Azure Premium SSD v1 vs v2

Microsoft has made the newest release of its Azure Premium variety of solid-state drive (SSD) cloud storage available for the public. The company announced the release of the latest Azure Premium SSD v2 storage at its Ignite event, following an invite-only preview launch in May 2022. The new variety of high-capacity drives for businesses is designed to offer the lowest latency for “performance-critical workloads”, while additionally allowing for storage growth of up to 64 terabytes (TiB).

Azure Premium SSD; Source: CloudZero

Azure Premium v2 disks uncouple IOPs and throughput metrics from disk size, which means you could alter the IOPS, throughput, and capacity in keeping with your workload needs. Premium SSD v2 disks are designed to deal with performance-sensitive and general-purpose workloads that require low average read and write latency, high IOPS, and high throughput. Whereas with Azure Premium and Azure Ultra disks, IOPS and throughput are fixed by means of disk size. This could make Premium SSD V2 disks an efficient and cost-effective alternative for running and scaling transaction-intensive workloads.

Premium SSD v2 overview

Premium SSD v2; Source: Mechanics Team - Medium

The capabilities of v2 are as follows:

Ability to increase disk storage ability in 1 GiB increments.

Originally, v1 was supplied in 14 fixed disk capacities, from P1 to P80. In contrast, v2 lets you specify capacity in GiB, this allows efficient provisioning.

For instance, if you desired 200GB of ability, P10 (128GB) would not have enough potential with v1, so you might need to choose a P15 (256GB) disk. 56GB might be provisioned unnecessarily and cost money. With v2, you may be able to provision precisely the 200GB you need.

The ability to provision IOPS, throughput, and disk storage capacity separately.

In v1, performance was determined according to the disk size (P1 to P80), and if you wanted "small size but high overall performance!", you needed to use an unnecessarily big disk. In v2, it is largely possible to specify disk size and performance one at a time (even though there are some overall performances that cannot be performed without a minimum disk size).

Consistent sub-millisecond latency.

"Sub-milliseconds" has long been the marketing slogan for Ultra Disk. It is possible that v2 is quicker than v1. It is crucial to consider this point.

Easier preservation with scaling overall performance up and down without downtime.

In v2, evidently, you can change overall performance even while staying online. In v1, it only became possible to amplify capability (together with performance improvement) online a while ago, however, as written above, capacity and performance are a set, so you only need to change performance in the first place.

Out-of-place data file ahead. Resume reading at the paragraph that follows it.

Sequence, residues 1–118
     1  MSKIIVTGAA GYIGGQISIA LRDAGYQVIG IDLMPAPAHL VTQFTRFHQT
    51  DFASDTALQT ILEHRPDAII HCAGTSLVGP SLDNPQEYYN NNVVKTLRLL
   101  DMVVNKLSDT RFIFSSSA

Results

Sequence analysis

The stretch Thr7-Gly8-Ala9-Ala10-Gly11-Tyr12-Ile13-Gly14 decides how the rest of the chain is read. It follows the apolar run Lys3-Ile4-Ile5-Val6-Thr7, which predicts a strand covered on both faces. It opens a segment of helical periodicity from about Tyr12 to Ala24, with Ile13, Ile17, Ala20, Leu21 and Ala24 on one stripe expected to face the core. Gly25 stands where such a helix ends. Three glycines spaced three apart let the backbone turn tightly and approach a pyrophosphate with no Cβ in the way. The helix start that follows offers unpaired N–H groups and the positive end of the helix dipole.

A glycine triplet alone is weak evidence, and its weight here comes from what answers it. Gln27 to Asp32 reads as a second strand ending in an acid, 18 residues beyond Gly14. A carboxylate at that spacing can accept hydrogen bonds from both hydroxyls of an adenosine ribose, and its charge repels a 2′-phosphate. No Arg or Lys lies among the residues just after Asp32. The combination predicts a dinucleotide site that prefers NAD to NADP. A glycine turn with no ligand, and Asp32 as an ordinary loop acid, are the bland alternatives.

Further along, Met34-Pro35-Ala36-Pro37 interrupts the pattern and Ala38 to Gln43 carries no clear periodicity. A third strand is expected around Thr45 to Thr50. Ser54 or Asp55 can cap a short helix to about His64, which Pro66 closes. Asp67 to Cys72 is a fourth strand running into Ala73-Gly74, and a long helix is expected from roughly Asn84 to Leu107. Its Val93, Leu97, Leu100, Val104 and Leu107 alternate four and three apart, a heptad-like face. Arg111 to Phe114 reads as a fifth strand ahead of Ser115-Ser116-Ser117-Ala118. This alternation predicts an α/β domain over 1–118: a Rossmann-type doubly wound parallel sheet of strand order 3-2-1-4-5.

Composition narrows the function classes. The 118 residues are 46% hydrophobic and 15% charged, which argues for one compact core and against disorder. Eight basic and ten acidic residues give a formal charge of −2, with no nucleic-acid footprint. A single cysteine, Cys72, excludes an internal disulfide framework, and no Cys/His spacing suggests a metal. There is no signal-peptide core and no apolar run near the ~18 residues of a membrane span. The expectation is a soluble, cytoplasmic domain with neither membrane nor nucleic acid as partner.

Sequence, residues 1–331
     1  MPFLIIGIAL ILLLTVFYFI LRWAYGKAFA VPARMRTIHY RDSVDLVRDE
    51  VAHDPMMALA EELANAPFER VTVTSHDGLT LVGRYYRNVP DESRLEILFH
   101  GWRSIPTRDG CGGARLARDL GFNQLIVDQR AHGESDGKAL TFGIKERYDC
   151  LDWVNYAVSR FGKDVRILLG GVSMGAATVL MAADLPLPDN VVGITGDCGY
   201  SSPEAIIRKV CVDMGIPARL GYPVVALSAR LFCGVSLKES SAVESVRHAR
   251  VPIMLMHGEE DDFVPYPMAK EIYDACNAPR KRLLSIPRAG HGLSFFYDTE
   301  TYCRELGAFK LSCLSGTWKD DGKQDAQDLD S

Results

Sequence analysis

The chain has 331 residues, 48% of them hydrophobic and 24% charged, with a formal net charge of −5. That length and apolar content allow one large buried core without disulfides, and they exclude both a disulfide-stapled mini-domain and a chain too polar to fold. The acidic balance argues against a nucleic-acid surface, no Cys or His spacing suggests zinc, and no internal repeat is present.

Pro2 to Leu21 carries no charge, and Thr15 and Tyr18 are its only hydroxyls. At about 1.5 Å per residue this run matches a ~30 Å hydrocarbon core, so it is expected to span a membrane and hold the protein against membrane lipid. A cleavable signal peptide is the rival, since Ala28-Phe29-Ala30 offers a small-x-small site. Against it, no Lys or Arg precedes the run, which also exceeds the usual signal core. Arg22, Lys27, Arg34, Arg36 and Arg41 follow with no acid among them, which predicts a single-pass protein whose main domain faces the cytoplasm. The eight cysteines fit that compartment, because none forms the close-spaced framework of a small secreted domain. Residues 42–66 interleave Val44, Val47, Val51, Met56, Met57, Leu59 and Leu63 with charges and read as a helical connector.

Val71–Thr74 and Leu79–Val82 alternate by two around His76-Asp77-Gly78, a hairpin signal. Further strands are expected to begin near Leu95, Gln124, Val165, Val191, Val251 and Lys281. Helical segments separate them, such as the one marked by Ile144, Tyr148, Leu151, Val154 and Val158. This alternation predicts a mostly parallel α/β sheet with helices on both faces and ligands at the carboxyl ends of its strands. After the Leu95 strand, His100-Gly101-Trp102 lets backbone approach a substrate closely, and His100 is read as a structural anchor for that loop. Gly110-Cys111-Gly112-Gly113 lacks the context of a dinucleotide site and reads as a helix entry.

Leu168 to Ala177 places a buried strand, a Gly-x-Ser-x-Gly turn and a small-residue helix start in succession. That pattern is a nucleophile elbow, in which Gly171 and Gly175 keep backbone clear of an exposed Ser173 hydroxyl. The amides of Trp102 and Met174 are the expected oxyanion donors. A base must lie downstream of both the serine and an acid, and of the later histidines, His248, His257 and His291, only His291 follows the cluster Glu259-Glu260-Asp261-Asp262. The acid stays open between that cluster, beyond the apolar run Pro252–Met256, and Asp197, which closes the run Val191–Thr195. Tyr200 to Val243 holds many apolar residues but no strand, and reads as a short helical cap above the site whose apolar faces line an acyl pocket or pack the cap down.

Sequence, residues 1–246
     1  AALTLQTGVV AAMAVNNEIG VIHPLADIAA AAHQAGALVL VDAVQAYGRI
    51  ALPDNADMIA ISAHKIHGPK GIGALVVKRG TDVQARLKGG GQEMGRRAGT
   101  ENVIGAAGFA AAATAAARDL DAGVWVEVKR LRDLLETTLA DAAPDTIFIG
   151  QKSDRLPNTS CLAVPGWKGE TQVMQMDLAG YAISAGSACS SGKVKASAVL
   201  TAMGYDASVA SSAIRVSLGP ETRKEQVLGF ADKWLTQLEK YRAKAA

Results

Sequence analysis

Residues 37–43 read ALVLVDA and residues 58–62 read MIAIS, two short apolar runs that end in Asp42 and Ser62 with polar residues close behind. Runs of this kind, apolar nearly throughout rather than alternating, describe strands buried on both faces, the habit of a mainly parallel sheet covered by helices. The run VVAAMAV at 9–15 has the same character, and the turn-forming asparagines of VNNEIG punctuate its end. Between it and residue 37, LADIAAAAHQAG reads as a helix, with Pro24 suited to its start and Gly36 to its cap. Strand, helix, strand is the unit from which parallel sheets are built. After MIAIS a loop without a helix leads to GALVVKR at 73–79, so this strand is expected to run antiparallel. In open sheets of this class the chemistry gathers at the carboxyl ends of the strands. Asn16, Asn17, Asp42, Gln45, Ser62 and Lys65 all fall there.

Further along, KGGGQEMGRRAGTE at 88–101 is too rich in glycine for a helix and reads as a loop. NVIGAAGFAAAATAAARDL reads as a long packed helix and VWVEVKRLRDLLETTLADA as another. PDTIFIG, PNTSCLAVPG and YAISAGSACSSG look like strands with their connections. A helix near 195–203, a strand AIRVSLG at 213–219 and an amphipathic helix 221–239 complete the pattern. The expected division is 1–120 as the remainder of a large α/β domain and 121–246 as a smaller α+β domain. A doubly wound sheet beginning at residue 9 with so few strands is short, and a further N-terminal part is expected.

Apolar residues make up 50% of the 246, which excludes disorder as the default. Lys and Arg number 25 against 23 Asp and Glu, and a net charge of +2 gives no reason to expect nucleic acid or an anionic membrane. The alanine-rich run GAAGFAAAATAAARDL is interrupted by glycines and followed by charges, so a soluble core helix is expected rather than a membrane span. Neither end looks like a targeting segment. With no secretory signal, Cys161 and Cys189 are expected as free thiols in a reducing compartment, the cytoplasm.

Up to 64 TiBs, 80,000 IOPS, and 1200 MB/s on a single disk.

The higher limit of specifications has been increased. In addition, v1 is the specification when the burst is protected, and v2 is the specification when provisioning to maximum performance.












If you need specs that can't be covered by one disk, you will want to make a few ingenuity or restrictions, which include using LVM in Linux, so a higher upper restriction for specifications is welcome.

Comparison with Premium SSD v1

Now that we understand the specs and differences in capabilities, let's observe a more exact comparison, which also includes the way to use v1 and v2.

Premium SSD v1 and v2; Source: Aidan Finn

Premium SSD v2 Configuration


Monthly Price

Disk Capacity



Provisioned IOPS


Up to 3,000 IOPS without any extra charge

$0.0052/provisioned IOPS over 3,000 IOPS

Provisioned Throughput


Up to 125 MB/s without charging extra

$0.041/provisioned MB/s over 125 MB/S

Performance comparison

v1 has a feature known as "burst" that lets you temporarily release overall performance. Therefore, the concept behind v1 is to keep the base performance low and make amends for temporary demands with bursts.

On the other hand, v2 is based totally on the concept that even small disks have high base overall performance, but performance does not increase despite the fact that the disk size is expanded. In order to increase performance, additional IOPS and throughput have to be provisioned, which incurs expenses.

With v2, the overall performance stays consistent even if you change the disk size, and with v1, IOPS increases in line with the disk size. However, the overall IOPS performance of v2 is overwhelming, and if you are looking for even better overall performance, v2 is the only choice. (Note that v2 also requires a certain quantity of disk space to achieve maximum performance.)